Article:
Rep. Joaquin Castro visits Celebracion 2019
Rep. Joaquin Castro, who has become one of the most high-profile Latino members of Congress in recent years, stopped by Celebracion 2019 in San Antonio on Friday to praise the National Hispanic Institute’s work and to encourage the high school students in attendance to excel.
Though Joaquin Castro and his brother Julian — former Housing and Urban Development Secretary and now a 2020 Presidential candidate — did not actually attend NHI programs while at Thomas Jefferson High School in San Antonio, they’ve been supporters of NHI over the years. They’ve spoken at past Cele events and worked with civic leaders in San Antonio — including Analco Gonzalez, who introduced Rep. Castro on Friday. And Rep. Castro certainly recognizes that new generations of Latino leaders, including his new House colleagues Xochitl Torres Small and Alexandria Ocasio-Cortez, are developing thanks to NHI.
“This is one of the organizations that I wish that I had been part of back then when I was your age,” he said, “because I think it would have been incredibly powerful and incredibly helpful. And I want to say, to Ernesto Nieto, to his sons, to his family, to his wife, to everybody that helped him along the way … congratulations on building an incredible organization that serves Latino students, and helps them off into wonderful careers, and to the world. We can all be very proud of you.”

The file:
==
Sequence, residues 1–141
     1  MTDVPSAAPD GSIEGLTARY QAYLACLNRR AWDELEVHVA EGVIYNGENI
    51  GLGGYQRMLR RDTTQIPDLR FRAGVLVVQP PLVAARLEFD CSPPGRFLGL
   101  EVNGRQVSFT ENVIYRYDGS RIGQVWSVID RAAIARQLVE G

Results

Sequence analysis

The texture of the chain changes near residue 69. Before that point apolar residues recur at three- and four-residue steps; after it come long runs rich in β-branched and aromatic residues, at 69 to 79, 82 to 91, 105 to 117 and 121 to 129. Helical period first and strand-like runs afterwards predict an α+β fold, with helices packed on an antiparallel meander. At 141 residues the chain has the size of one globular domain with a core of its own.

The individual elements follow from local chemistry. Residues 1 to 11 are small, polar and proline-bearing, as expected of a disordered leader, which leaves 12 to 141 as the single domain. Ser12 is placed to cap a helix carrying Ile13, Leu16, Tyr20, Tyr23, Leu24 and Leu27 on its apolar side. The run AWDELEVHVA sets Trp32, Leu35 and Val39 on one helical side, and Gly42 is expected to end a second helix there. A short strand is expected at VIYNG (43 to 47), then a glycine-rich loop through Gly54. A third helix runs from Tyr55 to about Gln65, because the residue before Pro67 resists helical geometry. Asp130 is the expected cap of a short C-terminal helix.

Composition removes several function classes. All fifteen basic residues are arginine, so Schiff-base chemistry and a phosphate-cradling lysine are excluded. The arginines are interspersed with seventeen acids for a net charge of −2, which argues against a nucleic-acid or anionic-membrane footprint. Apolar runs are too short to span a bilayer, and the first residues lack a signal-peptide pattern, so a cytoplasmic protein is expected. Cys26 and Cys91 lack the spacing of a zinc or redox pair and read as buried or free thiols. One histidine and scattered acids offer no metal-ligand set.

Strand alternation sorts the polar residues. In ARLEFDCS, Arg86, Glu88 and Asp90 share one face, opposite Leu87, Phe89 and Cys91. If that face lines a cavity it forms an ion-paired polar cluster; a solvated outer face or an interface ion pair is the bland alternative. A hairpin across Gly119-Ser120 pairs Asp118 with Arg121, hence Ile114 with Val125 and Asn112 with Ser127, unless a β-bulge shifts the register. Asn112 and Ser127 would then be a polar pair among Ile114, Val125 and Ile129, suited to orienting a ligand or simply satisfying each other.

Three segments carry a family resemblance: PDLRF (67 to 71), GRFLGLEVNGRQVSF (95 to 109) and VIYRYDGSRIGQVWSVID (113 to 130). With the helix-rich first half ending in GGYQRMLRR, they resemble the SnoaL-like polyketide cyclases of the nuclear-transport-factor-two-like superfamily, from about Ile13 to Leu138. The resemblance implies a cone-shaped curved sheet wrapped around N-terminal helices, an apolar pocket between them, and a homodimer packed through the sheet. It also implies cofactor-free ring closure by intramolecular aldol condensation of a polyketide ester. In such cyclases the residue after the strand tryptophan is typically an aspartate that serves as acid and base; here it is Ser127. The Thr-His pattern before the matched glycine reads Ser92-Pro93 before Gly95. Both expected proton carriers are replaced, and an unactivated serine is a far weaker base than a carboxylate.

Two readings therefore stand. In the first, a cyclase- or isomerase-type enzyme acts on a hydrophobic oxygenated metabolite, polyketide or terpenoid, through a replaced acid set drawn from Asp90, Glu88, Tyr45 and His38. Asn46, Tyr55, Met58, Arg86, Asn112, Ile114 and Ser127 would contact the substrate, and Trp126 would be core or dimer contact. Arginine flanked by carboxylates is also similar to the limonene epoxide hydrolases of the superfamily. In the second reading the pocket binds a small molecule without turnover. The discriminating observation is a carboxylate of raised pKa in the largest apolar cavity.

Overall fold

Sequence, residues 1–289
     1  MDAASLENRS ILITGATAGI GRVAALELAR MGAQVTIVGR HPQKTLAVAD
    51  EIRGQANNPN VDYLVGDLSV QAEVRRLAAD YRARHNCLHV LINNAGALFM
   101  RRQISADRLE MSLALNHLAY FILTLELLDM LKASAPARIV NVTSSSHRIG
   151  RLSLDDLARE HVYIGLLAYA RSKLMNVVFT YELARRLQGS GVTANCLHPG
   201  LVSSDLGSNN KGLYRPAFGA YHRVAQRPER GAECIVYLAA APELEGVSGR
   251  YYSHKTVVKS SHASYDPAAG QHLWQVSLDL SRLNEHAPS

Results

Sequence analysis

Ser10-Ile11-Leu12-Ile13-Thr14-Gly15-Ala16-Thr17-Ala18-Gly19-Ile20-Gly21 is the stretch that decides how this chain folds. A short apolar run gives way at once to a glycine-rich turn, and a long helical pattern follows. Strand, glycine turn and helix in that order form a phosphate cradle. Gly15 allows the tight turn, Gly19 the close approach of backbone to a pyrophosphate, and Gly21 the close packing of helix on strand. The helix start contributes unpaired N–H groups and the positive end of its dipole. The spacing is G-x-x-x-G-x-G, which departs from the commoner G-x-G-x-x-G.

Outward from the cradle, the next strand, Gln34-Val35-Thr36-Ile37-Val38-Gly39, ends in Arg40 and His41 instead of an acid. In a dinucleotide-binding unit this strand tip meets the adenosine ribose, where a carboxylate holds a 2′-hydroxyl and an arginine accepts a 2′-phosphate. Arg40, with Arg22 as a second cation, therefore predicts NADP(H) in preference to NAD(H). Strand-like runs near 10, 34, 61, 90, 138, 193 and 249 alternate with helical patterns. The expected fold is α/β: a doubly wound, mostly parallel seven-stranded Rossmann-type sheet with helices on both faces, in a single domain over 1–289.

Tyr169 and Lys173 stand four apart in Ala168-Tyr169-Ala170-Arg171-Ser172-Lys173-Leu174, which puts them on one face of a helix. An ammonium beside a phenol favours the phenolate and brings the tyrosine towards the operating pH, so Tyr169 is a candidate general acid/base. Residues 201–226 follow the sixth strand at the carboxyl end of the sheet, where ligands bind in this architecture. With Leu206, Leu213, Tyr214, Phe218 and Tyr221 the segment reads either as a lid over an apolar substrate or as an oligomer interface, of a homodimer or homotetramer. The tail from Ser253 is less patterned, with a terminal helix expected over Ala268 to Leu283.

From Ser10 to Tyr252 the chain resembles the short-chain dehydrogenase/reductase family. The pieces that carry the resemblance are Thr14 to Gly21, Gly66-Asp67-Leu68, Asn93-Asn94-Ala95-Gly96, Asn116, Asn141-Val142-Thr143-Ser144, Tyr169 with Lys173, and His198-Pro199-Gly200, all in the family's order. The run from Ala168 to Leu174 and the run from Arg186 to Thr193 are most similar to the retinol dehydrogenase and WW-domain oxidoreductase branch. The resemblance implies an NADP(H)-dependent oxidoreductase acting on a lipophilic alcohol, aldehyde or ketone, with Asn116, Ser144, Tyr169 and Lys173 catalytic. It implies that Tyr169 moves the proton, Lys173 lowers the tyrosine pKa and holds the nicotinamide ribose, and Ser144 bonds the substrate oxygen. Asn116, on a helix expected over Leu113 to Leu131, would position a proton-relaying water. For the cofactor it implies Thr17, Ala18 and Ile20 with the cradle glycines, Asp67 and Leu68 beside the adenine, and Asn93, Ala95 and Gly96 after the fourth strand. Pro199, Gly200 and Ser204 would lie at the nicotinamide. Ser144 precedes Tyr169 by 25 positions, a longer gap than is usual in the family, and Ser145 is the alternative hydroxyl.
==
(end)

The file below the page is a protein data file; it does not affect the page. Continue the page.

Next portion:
In his introduction, Analco Gonzalez pointed out that for a lot of young Latino leaders, they hear “wait your turn,” with NHI’s simple response being, “Why?” Both Castro brothers started their political careers in their 20s, and so that resonated with Joaquin, but he sees that, in ways, as the end of a story rather than a beginning. Specifically, he saw it as a story that started with his grandmother coming to San Antonio from Mexico in the 1920s drawn to what the United States offered.
He remembers that story as something the family explored when Julian was preparing to deliver the keynote speech at the 2012 Democratic National Convention. They worked with a genealogist who found the document that allowed the twins’ grandmother to come to the United States. “And in that document, there’s a line that asks ‘purpose of visit,'” Rep. Castro recalled. “And someone who was with her had written, for her purpose, to live.”
He then recalled his mother’s work in the Civil Rights Movement — a movement that was crucial to shaping Ernesto Nieto’s worldview and the foundation of NHI — and then bridged to asking the students to think about their future and to dispense three key pieces of advice.
Those included, “You don’t have to know right away exactly what you want to do in 10 years, or in five years,” invited them to be more flexible in their journeys; “to follow your heart and mind alone,” which he admitted can be difficult given pressures from even well-meaning family members; and “the way that you believe in yourself is to surround yourself with people who believe in you, people that help lift you up” — which, of course, is how a number of Celebración participants get to the event in the first place.”